I often talk about working with survivors of trauma, abuse, sexual assault and other forms of victimization. I’ve also worked with soldiers who have killed or injured others, sometimes during combat, out of self-defense, out of fear, out of government initiative. Then there are the rare times that, reluctantly, I have seen individuals who have admitted to inflicting harm on innocent people– acts against children, women, bystanders. For no reason. And yet, that is where my job starts. Finding meaning behind horrific acts.
As shocked and devastated– and genuinely pissed– as we feel when we hear about senseless destructiveness, can we be willing to step toward it rather than away from it? When a crazed shooter murders Batman fans in a theater, or a gunman opens fire on several people at a suburban mall, someone will be directly asking the killer, “Why?” If we are going to understand, and then prevent such atrocities, we will have to face them head on. We have to also face some uncomfortable questions. Are humans intrinsically evil? Are we fundamentally hostile, antisocial, sadistic? Is the Dark Side real?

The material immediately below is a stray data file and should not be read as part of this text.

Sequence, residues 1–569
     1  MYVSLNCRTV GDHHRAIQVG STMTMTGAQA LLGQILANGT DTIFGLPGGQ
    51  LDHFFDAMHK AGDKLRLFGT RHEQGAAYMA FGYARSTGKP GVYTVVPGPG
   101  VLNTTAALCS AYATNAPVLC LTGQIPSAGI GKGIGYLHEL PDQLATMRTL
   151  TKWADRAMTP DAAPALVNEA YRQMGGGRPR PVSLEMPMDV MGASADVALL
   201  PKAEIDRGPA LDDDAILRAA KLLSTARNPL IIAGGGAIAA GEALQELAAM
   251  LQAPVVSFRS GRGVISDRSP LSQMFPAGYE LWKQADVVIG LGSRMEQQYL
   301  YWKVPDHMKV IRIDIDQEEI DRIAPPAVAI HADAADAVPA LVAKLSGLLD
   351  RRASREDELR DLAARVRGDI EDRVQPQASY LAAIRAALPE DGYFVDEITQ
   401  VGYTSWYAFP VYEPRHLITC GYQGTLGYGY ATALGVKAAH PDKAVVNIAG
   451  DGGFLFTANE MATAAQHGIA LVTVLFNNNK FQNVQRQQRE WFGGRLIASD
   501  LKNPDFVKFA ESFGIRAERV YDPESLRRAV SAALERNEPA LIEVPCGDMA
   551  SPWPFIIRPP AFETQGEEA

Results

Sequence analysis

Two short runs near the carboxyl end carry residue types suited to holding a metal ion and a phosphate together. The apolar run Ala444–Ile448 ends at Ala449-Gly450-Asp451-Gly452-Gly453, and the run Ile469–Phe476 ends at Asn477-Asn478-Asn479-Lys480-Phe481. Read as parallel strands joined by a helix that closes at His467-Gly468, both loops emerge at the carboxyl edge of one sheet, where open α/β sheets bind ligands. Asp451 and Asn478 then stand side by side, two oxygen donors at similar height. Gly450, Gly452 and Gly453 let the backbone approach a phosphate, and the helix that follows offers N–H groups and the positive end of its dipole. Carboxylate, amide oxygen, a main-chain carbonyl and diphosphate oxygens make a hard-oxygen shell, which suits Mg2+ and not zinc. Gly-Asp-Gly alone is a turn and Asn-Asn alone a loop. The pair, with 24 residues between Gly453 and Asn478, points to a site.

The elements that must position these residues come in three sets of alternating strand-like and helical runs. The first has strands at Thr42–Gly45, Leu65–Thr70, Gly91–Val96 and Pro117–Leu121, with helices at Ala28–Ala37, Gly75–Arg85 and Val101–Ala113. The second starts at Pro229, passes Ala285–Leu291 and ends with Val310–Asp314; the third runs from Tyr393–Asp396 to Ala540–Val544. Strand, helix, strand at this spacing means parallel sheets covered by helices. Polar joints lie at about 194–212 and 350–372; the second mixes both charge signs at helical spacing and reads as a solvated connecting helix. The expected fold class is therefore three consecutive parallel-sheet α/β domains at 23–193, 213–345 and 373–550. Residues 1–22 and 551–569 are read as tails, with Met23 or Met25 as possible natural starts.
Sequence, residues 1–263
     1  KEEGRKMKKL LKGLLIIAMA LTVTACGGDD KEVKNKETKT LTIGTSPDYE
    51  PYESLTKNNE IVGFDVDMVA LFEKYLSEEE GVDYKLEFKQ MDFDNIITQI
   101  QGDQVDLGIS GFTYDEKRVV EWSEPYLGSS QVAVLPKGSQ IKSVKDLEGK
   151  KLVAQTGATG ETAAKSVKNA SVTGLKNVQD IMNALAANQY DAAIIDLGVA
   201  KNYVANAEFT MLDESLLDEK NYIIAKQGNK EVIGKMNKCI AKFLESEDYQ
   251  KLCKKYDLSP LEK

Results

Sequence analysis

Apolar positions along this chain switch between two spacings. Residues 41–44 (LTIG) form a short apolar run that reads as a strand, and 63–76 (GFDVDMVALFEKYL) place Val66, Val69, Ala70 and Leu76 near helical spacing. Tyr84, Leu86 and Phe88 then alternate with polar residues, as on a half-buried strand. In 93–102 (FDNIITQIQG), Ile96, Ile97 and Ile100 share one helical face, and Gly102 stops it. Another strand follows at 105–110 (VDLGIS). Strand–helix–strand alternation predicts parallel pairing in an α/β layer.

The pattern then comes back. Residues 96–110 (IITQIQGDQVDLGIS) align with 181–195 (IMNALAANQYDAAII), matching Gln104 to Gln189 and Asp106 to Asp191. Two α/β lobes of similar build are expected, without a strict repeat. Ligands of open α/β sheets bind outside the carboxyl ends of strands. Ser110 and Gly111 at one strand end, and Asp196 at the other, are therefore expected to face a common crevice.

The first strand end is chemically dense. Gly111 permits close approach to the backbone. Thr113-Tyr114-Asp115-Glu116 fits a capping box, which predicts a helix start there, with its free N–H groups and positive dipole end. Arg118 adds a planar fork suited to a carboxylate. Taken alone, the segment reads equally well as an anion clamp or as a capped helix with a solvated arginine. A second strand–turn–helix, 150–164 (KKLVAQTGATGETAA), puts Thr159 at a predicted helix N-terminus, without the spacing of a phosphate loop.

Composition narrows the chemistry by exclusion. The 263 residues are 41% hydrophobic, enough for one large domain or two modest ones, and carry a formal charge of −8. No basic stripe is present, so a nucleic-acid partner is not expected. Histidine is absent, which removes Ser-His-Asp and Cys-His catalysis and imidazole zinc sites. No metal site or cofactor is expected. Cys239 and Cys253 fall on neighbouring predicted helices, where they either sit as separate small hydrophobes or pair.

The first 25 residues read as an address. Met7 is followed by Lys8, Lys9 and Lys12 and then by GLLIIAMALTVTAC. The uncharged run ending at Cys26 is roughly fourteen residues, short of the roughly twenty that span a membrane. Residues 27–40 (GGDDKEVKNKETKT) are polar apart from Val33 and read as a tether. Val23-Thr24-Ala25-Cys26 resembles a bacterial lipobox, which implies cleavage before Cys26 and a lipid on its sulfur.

I draw upon fictional characters because they allow us to explore humanity in a very safe way. One of the most intriguing, most recognizably evil characters in our lives is Commander of the Death Star and Lord of the Sith, Darth Vader. There is no doubt that the Star Wars villain embodies what our society considers anti-social pathological behavior: Aggression, terrorism, kidnapping, torture, and assisting in the murder of an entire planet’s inhabitants. Despite these atrocities, we certainly are drawn to him–we’re deeply fascinated by his relentless quest to achieve political control and power over an entire universe. I believe we’re magnetized to him because we want to understand his fundamental motives. Underneath his intimidating black armor, we know a part of him is still human. And we are compelled to connect with it.
How do we learn evil?